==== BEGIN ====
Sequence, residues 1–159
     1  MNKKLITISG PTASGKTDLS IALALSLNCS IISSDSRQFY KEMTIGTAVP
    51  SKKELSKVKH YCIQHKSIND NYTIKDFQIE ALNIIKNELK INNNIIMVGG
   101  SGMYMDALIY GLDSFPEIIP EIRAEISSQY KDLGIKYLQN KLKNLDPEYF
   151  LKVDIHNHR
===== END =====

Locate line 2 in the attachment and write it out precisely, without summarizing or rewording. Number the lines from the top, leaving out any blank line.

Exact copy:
     1  MNKKLITISG PTASGKTDLS IALALSLNCS IISSDSRQFY KEMTIGTAVP